We have a limited sample size of NHL games from Hutchinson. He has appeared in 14 NHL games with 12 complete games played this season. He appeared in three other games last year and posted slightly better numbers than his current league leading ones. Thus his career NHL totals are a .940 saves percentage and a 1.74 GAA. The caveat is this is in about 15 and a half complete NHL games. That isn't a large enough sample size to prove much.
The New Jersey Devils handed Peter DeBoer a bad Boxing Day present yesterday. They fired him. He had spent three and a half years as the Devils coach. In his first season he led a surprising Devils team to the Stanley Cup finals. The Devils have not made the playoffs since and do not look to do so this season. They currently have a 12-24 record with seven regulation tie points. This has the Devils third from last in the East Conference. While DeBoer may not be the best coach in the NHL, it is hard to blame him for the Devils problems. They have the oldest team in the NHL. It is expected that a team like that should be in decline.
Replacing him as coach will be two people. Adam Oates and Scott Stevens are the team's co-coaches. Oates will coach the offence and Stevens the defence. That novel situation doesn't look like a longterm plan. It is easiest to imagine that this is a temporary arrangement until a more permanent coach is brought in. A team without a clear head coach is a problem. If nobody is calling the shots, there is no accountability and nobody to set a clear direction.
I don't see New Jersey as an improved team without a head coach. New Jersey is a team with a few problems and their lack of a head coach is another one. I hope that there is a permanent proven coach about to be hired.
I haven't looked at the AHL standings for over six weeks. When I last looked, the Rockford IceHogs (Chicago Blackhawks affiliate) and Utica Comets (Vancouver Canucks affiliate) were fighting for the top position in the league. Utica remains atop the standings with a 19-10 record with five regulation time points. This gives them 43 on the season. Rockford has slipped back a few points in the standings. The top contenders to supplant Utica in first place are the Manchester Monarchs (Los Angeles Kings affiliate). They have a 20-8 record with two regulation tie points. That gives them 42 points. They have a game in hand when compared to Utica and an extra win.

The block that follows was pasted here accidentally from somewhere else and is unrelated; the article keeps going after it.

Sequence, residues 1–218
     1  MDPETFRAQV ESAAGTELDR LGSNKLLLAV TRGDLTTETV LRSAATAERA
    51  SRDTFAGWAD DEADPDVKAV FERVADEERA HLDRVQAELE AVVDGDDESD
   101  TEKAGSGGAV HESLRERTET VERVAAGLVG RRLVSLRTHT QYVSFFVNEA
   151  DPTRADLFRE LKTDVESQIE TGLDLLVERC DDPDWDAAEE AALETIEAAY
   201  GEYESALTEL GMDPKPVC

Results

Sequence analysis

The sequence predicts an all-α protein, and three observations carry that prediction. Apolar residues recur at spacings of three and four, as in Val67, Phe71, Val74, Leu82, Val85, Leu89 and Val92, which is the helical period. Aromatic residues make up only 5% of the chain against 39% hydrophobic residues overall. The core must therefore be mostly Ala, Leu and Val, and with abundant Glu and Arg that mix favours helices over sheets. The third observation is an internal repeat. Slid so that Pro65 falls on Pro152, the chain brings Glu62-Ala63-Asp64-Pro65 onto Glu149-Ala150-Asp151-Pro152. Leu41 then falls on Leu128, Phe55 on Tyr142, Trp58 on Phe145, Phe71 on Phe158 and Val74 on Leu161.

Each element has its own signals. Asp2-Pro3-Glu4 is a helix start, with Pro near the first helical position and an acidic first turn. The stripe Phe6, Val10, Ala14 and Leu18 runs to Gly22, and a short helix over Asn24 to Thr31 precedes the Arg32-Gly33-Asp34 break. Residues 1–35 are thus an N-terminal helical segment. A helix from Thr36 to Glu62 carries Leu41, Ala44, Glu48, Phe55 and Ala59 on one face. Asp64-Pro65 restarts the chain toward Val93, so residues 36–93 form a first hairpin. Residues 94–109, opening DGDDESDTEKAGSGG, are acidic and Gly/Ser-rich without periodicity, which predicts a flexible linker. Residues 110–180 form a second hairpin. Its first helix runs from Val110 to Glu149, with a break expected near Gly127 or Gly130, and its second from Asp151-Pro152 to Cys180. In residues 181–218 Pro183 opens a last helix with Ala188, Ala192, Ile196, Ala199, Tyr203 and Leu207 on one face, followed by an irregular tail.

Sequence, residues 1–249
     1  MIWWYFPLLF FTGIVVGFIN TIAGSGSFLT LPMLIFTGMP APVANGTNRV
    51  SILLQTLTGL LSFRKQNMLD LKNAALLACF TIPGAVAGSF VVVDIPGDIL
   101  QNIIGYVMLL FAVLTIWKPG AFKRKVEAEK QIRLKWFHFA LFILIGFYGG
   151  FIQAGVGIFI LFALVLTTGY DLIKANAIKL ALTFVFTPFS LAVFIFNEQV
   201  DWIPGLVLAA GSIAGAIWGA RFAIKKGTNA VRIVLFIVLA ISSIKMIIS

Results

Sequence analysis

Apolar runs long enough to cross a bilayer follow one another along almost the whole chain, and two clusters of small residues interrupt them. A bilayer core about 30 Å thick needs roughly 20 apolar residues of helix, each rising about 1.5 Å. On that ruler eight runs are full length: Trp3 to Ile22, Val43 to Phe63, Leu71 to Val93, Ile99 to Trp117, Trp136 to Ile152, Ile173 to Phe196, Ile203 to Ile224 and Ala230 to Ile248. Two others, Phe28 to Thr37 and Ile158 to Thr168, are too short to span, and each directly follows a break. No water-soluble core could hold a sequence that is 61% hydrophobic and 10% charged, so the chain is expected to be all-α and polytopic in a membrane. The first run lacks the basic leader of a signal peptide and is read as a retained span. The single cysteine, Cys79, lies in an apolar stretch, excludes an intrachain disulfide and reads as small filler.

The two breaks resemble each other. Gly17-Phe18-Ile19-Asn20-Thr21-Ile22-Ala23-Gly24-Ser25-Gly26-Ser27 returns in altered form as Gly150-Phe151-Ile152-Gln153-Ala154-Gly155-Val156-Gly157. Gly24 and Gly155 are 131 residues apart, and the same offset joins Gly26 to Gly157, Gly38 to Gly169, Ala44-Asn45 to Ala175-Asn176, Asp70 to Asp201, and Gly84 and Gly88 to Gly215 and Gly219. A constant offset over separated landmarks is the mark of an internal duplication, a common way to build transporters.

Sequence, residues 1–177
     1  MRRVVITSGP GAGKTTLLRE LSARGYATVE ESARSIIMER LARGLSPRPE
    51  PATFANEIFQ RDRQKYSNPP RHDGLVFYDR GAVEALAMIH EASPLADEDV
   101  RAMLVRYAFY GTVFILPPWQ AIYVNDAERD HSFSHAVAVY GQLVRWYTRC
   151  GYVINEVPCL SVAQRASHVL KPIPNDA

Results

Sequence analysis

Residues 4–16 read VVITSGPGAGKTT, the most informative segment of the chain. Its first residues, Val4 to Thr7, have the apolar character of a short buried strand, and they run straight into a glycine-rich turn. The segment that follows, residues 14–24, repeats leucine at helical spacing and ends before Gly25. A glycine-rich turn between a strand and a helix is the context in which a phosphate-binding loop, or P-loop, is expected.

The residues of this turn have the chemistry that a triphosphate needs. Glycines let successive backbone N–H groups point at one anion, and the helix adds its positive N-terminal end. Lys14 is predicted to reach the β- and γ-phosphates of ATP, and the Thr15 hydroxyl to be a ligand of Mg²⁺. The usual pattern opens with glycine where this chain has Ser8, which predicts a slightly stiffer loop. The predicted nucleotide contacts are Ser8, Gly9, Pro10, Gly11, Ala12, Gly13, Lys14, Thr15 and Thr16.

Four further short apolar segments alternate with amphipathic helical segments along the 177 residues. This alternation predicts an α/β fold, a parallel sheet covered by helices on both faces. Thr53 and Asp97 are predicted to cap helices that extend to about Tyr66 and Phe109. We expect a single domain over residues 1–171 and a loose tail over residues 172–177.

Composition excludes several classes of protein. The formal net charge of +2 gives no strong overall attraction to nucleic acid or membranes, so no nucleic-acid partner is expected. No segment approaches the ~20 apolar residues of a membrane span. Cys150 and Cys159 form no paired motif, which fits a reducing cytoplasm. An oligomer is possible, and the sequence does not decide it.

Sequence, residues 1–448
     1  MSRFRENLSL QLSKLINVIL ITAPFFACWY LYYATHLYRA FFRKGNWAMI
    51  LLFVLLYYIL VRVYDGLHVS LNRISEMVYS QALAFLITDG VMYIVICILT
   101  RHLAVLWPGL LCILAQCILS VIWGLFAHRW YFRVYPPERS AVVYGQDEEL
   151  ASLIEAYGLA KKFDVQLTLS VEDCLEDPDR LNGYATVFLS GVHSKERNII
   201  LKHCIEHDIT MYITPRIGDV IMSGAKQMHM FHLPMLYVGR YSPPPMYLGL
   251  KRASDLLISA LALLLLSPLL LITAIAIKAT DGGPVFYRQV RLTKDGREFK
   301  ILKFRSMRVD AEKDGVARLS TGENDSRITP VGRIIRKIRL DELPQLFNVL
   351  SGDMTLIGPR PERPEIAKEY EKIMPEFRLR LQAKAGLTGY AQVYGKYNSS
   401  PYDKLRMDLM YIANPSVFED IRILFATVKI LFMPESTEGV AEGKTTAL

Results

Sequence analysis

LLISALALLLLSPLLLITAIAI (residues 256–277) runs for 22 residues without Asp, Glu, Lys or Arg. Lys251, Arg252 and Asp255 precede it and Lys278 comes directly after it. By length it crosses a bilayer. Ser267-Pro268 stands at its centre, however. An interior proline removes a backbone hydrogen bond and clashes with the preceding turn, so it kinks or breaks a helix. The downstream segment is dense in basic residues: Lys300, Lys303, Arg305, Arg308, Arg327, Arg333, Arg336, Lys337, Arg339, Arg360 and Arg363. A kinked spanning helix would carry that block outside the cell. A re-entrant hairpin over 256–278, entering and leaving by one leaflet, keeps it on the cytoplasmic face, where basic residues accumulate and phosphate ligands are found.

Utica has the fewest goals against in the AHL. Jacob Markstrom and Joacim Eriksson have provided top goaltending. Manchester leads the AHL in goals scored. They have the two top scorers in the league in Brian O'Neill and Nick Shore. Jordan Weal is sixth in scoring in the league.
The battle between Utica and Manchester for first place is a classic battle. The best defence against the best offence. It should be interesting to see how this battle resolves itself.
I think it is an interesting development this season that the Toronto Maple Leafs lead the NHL in scoring. They have 3.29 goals per game or 112 goals scored (with two more "goals" from winning shootouts). This is quite an improvement from last season when they were 14th overall in the league. The Leafs have improved by over half a goal per game since last year. How has this happened?
Phil Kessel is their top offensive player. He scored 37 goals last year and has 17 so far this year. He has been a good player for the last few years but does not show any signs of improvement. James Van Riemsdyk and Tyler Bozek are also top scorers in both of the last couple seasons. They seem to be replicating past success and not making a big step forward. The difference between last year and this one is largely depth. Players like Mike Santorelli, David Clarkson and Peter Holland are scoring in Toronto and were not last year either because they were not Leafs or because they were not healthy. Last season there were six Maple Leafs who exceeded the 10 goal mark. This year ten or eleven Leafs are on pace to exceed that mark. They have better depth this season. This is a success of Toronto management. Dave Nonis and his crew deserve credit.
Last week I wrote about the AHL scoring race. Charles Hudon of the Hamilton Bulldogs (Montreal Canadiens AHL affiliate) had taken over the scoring lead. His lead didn't last long. There is a new scoring leader in Brian O'Neill of the Manchester Monarchs (Los Angeles Kings AHL affiliate). He has 35 points and has a three point lead over teammate Nick Shore and a four point lead over Hudon. O'Neill scored nine points in two games this week to take the scoring lead.
He is an undrafted 26 year old. He played in the NCAA for four years at Yale University before coming to the AHL. He is in his third full season in the league. His offence has continually increased in that time. He went from 15 points in his rookie year to 47 points last season. He has made a significant jump this season. The fact he hasn't been able to score at a league leading rate in the past and scored more than a quarter of his points this season in two games implies that his scoring lead probably will not last. He does have a bigger scoring lead than any other player has achieved so far this season.
About The Puck Stops Here
Who am I? A diehard hockey fan.